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ben May 25, 2012 at 5:11 am

NASA's entire budget is less than 5% that of the JSF program.

And have fun trying to use the damn things without any satellite communications or guidance.

Our current batch of GPS and imaging sats are nearing the end of their life cycle, we no longer have any land based backup systems, and the air based systems in development are both unreliable and vulnerable to interception..

If anything we should be INCREASING NASA funding.

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Lance May 25, 2012 at 4:19 pm

True I know of this is popular but I just figure USAF programs may be more important now over NASA.

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Pete May 25, 2012 at 6:08 am

8 years rolling – 3 month planned – and still functional, with only minor issues !

The engineers responsible for this project should be REALLY proud of this incredible design.
Same thing for the drivers, for not having stuck it in a hole.

Hats off to those gentlemen !

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EW3 May 25, 2012 at 12:00 pm

This is a real achievement that should make Americans proud.
Sadly I doubt 1 in 100 Americans even know we are actively exploring Mars.

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blight_ May 25, 2012 at 12:38 pm

They probably think it is a conspiracy by the government to make trillions of dollars…NOT!

That said, I bet those UGV's are rolling around with Samsung, Infineon and TI chips…fakes don't last long on Mars.

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Technoweapon May 28, 2012 at 6:29 pm

I may be wrong, and correct me if I am, but I'm fairly sure the rover is completely autonomous as far as piloting is concerned. Built in sensors to keep it from running into rocks or falling down chasms and the like.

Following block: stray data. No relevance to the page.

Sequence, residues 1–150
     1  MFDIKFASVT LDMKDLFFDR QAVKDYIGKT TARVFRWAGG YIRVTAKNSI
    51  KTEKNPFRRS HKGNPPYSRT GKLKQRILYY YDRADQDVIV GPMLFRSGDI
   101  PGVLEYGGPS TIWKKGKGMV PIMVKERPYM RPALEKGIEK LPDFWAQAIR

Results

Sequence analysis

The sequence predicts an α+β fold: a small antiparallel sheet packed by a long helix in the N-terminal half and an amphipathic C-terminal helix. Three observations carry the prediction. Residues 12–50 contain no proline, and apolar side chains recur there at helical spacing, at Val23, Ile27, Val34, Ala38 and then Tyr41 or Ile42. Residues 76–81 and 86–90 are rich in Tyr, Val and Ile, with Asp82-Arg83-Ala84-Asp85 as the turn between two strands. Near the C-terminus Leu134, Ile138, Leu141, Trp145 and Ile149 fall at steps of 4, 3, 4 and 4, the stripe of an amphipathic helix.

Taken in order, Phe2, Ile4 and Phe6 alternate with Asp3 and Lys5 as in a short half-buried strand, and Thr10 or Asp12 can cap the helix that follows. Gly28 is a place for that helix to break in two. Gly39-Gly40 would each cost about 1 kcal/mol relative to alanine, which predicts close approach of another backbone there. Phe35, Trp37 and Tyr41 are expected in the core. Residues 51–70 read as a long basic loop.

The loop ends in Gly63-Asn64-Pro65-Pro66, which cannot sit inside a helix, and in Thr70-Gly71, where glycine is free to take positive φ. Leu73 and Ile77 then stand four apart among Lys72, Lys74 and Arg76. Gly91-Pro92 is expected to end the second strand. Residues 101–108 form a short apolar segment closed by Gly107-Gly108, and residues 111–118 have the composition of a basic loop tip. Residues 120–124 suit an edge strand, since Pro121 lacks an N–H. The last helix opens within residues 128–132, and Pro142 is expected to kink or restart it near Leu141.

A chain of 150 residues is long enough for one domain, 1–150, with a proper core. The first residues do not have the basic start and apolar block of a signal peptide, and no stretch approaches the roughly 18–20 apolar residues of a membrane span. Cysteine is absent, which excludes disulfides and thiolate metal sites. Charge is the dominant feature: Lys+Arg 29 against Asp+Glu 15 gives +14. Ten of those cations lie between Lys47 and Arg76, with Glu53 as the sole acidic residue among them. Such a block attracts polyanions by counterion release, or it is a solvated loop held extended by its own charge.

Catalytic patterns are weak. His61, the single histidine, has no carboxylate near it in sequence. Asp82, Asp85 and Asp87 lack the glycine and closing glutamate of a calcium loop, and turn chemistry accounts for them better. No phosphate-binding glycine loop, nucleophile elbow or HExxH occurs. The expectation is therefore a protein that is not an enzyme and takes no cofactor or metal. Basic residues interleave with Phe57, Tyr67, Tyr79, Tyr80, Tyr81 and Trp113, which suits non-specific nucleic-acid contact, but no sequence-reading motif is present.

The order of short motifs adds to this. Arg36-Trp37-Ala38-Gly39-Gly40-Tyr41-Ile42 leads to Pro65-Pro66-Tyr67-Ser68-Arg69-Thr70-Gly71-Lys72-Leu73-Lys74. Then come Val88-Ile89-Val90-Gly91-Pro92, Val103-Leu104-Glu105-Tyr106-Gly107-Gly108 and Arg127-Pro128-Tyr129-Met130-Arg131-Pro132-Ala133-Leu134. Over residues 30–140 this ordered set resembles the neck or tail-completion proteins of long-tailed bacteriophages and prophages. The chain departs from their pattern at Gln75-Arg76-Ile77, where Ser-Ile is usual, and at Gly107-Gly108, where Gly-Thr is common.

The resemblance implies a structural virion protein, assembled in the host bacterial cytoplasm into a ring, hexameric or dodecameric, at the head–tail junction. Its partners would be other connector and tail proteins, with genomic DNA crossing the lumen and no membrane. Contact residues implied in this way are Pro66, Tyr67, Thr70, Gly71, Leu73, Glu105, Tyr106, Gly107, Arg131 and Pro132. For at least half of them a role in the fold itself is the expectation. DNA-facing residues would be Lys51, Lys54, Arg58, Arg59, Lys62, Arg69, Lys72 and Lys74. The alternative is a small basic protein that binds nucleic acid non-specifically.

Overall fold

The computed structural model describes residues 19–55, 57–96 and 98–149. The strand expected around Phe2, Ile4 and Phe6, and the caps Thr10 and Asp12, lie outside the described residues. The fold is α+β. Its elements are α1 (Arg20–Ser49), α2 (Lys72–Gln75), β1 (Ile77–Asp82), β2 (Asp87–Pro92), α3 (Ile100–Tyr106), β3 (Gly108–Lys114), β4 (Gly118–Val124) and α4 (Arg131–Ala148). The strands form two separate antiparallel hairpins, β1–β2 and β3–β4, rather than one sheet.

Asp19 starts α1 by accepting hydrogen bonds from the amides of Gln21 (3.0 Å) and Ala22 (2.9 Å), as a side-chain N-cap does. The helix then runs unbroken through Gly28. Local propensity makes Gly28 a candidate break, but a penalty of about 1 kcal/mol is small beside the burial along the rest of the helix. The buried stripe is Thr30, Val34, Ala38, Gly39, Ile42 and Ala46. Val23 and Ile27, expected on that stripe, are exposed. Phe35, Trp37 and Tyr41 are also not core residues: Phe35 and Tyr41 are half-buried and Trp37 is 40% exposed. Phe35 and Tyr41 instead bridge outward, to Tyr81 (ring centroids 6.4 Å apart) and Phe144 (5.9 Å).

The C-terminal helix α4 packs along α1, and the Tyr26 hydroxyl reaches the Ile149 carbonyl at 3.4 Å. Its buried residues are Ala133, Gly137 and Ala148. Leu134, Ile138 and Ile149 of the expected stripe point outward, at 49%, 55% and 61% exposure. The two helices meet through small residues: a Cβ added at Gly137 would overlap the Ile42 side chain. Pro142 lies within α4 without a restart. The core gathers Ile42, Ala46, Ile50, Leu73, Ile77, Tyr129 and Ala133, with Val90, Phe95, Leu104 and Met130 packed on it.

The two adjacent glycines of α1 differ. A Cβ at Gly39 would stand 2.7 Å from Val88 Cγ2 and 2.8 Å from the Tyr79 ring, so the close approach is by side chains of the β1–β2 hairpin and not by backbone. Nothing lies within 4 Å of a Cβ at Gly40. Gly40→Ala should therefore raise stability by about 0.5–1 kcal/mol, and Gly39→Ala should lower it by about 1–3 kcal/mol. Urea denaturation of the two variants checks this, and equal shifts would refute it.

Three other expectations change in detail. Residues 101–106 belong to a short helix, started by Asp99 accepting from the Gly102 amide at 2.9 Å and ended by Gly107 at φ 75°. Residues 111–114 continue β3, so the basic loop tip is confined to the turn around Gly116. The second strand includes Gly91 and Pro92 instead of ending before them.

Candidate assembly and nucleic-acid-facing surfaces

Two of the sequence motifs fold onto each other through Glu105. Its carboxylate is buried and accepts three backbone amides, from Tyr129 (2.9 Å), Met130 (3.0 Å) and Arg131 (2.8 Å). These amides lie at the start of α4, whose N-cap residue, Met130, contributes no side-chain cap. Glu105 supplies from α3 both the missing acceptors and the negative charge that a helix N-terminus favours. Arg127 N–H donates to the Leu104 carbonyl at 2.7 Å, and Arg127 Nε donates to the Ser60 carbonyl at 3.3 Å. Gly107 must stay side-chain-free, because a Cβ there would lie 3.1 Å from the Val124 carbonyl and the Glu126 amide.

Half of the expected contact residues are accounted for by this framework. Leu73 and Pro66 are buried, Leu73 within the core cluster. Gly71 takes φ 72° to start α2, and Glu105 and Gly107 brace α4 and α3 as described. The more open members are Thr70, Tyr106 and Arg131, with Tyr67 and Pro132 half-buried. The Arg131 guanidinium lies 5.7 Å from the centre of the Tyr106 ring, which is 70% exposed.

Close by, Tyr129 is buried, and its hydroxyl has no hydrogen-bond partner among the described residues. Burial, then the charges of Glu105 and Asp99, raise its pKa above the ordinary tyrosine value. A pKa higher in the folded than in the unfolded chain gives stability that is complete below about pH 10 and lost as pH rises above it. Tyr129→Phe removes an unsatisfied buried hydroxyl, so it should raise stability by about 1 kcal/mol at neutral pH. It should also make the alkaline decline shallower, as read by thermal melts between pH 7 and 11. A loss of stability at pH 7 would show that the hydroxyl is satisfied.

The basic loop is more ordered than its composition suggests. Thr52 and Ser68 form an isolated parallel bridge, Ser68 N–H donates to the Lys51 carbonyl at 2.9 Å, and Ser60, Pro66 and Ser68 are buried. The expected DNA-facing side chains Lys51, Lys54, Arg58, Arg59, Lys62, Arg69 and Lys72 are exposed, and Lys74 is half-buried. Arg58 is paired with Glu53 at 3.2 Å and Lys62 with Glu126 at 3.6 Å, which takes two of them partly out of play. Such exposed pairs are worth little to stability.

I think all we do on this side is implement orders and routes. Correct me if I'm wrong, of course. Rovers are a little out of my jurisdiction.

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Riles May 25, 2012 at 8:08 am

I was on a space kick a few months ago, and was reading about all the different probes and rovers that have been sent by various nations, and was shocked to find that NASA still had Opprotunity going. I never would have believed that those rovers could have lasted so long. Truly a marvel.

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kim May 25, 2012 at 4:19 pm

I'm still waiting for the day when the rover unexpectedly goes silent, and shortly after this message from Mars ticks in: "Send money, or your rover is toast!"

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Dave May 25, 2012 at 9:43 am

The biggest question i have is why they never show photos like this in real color. The little peg thing on the bottom left hand corner is actually a solar compass. The arrow in the lower right hand corner of the compass is supposed to be blue, and not bright red/pink. NASA routinely uses false color so that the general public won't see the true colors of Mars…I wonder why that is…

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Curious May 25, 2012 at 10:13 am

Is the camera they took the image with a "true color" camera (i.e. visible spectrum)? If it is an IR camera, we may not have a choice but to have false color.

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Riles May 25, 2012 at 10:42 am

Because Mars is actually purple and yellow and really crazy looking (and not red and boring), but NASA wants to keep that all to themselves because they are selfish and don't want to share their purple-yellow true color images of Mars.

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blight_ May 25, 2012 at 12:39 pm

Mess with the color settings all you want.

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Smeghead May 25, 2012 at 7:29 pm
GCD May 26, 2012 at 10:07 pm

Some people says that the true pictures and discoveries in Mars are hidden?

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Technoweapon May 28, 2012 at 6:47 pm

Believe half of what you see and nothing of what you hear.

I wouldn't be surprised if there's all kinds of things that we've found that totally nukes our theories and assumptions about Mars…

I'll savor the suspense and enjoy/fear the truths later in life.

Most likely it'll be fear. I just know we're going to end up running over, destroying, or taking some kind of ancient alien God or artifact thing, forcing the Martians to surface in a most unfriendly manner.

Maybe. All we can do is look up and imagine until our tech evolves enough to produce truth.

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Giant Mars Bug June 15, 2012 at 8:56 am

i for one welcome our new Mars overlords

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RCDC July 9, 2012 at 9:52 am

How about a moon community base?